In The Lone Ranger and Tonto Fistfight in Heaven, “Imagining the Reservation,” Alexie quotes Lawrence Thornton: “We have to believe in the power of imagination because it’s all we have, and ours is stronger than theirs.” Why do you think Alexie focuses on the power of imagination in this story, and how could you connect this story’s theme with other stories by Alexie?

Alexie focuses on the power of imagination in "Imagining the Reservation" and various other stories because he believes that imagination is the strongest, and sometimes the only, power available to marginalized people. This power is under continual attack from the counter-narrative of American popular culture, making it all the more vital for Native Americans to keep their imaginations alive.

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"Imagining the Reservation" starts with counterfactual history. What would have happened if Crazy Horse had invented the atomic bomb or, going back even further, Columbus had been drowned as soon as he arrived in the New World? Would the painful, violent history of Native American communities have been substantially different? There is no way to know, all one can do is imagine.

Alexie focuses on the power of imagination in this story because it is the greatest power marginalized people have. A recurring theme in Alexie's stories is the way in which mainstream culture in America colonizes the imagination by using popular entertainment. This is highlighted by the title of the story which gives its name to the collection: "The Lone Ranger and Tonto Fistfight in Heaven." Native Americans have a long tradition of storytelling, but they continue to absorb Hollywood stories in which Native Americans are merely sidekicks to white people.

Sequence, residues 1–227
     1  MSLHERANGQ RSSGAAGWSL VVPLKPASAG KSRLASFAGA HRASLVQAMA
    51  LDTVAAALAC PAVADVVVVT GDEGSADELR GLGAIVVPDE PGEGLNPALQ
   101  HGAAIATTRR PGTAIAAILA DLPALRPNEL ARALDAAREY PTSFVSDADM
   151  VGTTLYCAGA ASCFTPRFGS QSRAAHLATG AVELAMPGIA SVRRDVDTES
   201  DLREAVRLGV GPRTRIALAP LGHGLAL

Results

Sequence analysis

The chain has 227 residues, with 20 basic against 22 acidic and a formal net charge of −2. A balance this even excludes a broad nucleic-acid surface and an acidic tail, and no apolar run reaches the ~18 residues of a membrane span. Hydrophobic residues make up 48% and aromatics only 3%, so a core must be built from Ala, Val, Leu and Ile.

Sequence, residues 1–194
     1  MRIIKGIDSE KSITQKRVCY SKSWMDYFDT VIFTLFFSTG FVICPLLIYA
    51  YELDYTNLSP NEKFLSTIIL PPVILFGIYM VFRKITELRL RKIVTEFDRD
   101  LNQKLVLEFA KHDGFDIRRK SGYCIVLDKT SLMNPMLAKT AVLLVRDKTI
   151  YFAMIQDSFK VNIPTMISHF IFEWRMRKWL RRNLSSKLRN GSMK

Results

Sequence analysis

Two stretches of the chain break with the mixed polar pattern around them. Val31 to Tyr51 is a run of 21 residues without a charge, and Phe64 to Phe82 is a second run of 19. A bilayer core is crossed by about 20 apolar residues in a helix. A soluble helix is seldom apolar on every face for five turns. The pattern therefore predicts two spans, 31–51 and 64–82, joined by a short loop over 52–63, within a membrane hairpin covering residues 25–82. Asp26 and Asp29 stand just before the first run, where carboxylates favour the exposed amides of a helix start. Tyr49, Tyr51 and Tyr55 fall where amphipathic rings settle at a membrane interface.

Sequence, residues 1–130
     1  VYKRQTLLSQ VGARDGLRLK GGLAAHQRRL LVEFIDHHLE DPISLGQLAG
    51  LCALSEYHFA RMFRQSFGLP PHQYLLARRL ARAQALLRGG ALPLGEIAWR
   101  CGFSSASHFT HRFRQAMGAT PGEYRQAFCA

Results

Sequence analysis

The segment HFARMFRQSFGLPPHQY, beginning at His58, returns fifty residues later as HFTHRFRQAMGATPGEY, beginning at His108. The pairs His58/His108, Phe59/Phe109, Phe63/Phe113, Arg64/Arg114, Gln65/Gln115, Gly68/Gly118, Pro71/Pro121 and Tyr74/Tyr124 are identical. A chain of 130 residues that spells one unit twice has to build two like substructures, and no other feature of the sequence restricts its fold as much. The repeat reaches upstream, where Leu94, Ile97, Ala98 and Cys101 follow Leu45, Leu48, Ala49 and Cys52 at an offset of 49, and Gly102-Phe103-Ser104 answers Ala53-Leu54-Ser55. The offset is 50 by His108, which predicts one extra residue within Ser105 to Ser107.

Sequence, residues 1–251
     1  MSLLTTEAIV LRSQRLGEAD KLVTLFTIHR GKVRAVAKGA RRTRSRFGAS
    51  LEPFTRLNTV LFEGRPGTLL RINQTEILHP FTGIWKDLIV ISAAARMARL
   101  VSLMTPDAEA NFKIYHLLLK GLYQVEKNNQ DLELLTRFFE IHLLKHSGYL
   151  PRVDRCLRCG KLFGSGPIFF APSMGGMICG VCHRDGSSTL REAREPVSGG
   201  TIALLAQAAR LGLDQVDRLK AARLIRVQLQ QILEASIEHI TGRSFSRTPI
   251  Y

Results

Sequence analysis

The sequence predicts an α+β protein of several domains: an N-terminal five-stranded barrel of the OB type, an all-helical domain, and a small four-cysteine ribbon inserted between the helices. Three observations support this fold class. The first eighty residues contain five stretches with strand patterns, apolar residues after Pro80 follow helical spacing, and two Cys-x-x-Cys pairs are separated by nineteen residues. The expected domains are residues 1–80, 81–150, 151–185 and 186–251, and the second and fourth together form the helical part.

In "Family Portrait," Alexie shows that all the interactions and aspirations of a family on the reservation have been taken over by television. They take refuge from their lives in shows imagined by others, and even bonding rituals such as the father teaching the son to drive degenerate into discussions about television. Several other stories chronicle the continual mistreatment of the tribal storyteller, Thomas Builds-the-Fire. Instead of occupying an important position within the tribe for his imagination and skill as a storyteller, Thomas is a widely abused outcast, whose stories and visions are treated with suspicion or indifference. Therefore, although imagination is powerful, it is still a contested field in which Native Americans must continue to assert their imaginative power against an all-consuming popular culture.

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